A gamer lives out the fantasy of dispensing brutality
It’s way past my curfew; the pool hall is starting to get busy with all sorts of weirdos and if my parents knew what kind of place I was hanging out in I would no doubt get grounded. Some dude talks on a new-fangled phone attached to what looks like a car battery; others place bets on their next game of eight ball. A couple hooligans are gathered around the foosball table. Me, I’m in the corner bouncing a guy twice my size around like a ping-pong ball, about to tear his head off. Then it’s over, though the classic rock music rings out, “Fatality’… Scorpion wins!” “Oh shit,” the guys behind us blurt out and the air is filled with shock and laughter after witnessing what you would normally see in an R-rated horror flick. It was very satisfying for a skinny little kid like me to actually punch a guy’s noggin off his torso. The first Mortal Kombat was just the start of many fighting-style games to follow; based on shock value, brutality and how many ways you can actually kill a person, its popularity grew into a clutch of games with which game nerds far and wide are familiar.
Mortal Kombat: Armageddon is the latest in a series of seven titles published by Midway Entertainment. I know a lot of gamers have been anticipating its release so I’ll go ahead and get the bad news over. For some obscure reason Midway decided to include a new racing mode called Motor Kombat. Yes, Motor Kombat. And it’s about as stupid and infantile as it sounds. You basically race around some tracks with a few of the classic MK characters that look more like bobble-heads attached to little Hot Wheels. And race is an understatement. The vehicles are slow and unresponsive and the only point is to earn a few credits. Why this was included is beyond me. It’s as if the whole fighting premise wasn’t good enough and they had to toss in some race cars. What’s next, Kombat Tennis? That actually might be a little more interesting.
The good news is that Mortal Kombat has kept that gruesome allure and has made the whole challenge of figuring out moves and fatalities a lot easier. In the past, it wasn’t uncommon to have to execute a huge sequence of commands in order to achieve a certain move or finish. In fact, they’ve come up with new modes to not only customize fatalities but to create your own character as well. It’s probably the best thing that has happened to the MK games.
Making your own fighter is awesome. It’s detailed right down to hair color, eye color, costume, gender, fighting style, special moves and even breast size (for the lady fighters). Hours can be spent putting together a character that you can also bring online. My little minx was damn near unstoppable, until of course my wife, a Mortal Kombat veteran and former martial arts student, came along. Come to find out she had been practicing while I was at school or work.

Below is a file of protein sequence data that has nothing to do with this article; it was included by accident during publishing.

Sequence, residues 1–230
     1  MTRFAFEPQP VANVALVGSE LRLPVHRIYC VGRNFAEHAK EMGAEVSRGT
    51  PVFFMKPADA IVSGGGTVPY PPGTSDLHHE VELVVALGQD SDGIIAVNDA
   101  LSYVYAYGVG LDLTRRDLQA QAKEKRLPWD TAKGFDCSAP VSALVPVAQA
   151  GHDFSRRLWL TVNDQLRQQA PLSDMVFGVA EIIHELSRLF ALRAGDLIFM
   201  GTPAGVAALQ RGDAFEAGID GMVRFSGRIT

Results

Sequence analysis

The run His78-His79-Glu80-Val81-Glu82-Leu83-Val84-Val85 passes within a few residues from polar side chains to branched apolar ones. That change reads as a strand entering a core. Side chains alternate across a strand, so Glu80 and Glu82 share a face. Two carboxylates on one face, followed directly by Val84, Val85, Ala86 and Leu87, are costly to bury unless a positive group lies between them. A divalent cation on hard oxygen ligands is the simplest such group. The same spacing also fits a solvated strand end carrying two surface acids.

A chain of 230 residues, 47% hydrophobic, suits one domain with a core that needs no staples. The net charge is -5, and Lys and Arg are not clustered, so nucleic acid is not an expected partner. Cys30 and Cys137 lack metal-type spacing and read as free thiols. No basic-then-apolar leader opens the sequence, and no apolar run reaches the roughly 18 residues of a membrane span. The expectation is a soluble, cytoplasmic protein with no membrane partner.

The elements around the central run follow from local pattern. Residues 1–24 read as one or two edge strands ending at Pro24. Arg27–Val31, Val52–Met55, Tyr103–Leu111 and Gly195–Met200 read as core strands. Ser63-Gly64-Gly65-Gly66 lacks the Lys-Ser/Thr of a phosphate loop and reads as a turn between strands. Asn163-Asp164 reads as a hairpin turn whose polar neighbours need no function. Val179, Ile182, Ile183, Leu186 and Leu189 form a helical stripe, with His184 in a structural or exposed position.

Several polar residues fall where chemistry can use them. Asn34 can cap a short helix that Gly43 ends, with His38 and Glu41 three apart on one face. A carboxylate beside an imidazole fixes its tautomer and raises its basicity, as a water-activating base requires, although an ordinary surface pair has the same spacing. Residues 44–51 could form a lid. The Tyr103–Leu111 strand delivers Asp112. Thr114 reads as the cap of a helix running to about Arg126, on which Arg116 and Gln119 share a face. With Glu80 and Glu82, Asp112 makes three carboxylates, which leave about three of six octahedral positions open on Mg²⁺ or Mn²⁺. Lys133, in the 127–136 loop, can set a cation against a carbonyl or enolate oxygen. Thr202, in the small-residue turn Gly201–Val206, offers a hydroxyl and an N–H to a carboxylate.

Fatalities have been made easier by letting the player decide what horrific act is to be performed on his wobbling foe. With simple, consecutive moves, you’re allowed a certain amount of time to rip off an arm, break a neck, pull off a head and smash it or otherwise completely disassemble someone to your liking.
The conquest levels also have come a long way compared to the first introduction of that mode. Standing alone it’s almost as much fun as the combat modes and if you’re into storylines it’s just the ticket. The adventure mode is extremely easy and major improvements have been made in the action and combat. You can actually cause fatalities throughout the quest while constantly unlocking little knick-knacks such as alternate costumes, characters and levels. The first secret combatant unlocked is called Meat and that’s pretty much all he is, a lump of flesh with no skin and, frankly, he’s rather disgusting. Though, having beaten the game I was little disappointed with the ending. If you’re expecting something as good as the intro scene don’t hold your breath. The replay value isn’t worth a whole lot either.
Most of the combat levels are interactive. In certain places and with the right combo of moves you can throw your opponent into an oncoming subway train, through a giant fan, a lake of lava or into a rock-crushing machine with catastrophic and bone-shattering results.
Altogether the whole game comes together quite well – setting aside the Motor Kombat debacle – and stands out with the customizable options, but honestly I’d wait a few weeks to pick up a used version to save a few bucks. I can imagine it will not be long until they’re available.
To comment on this story, e-mail Kenny Lindsay at Kenny@yesweekly.com.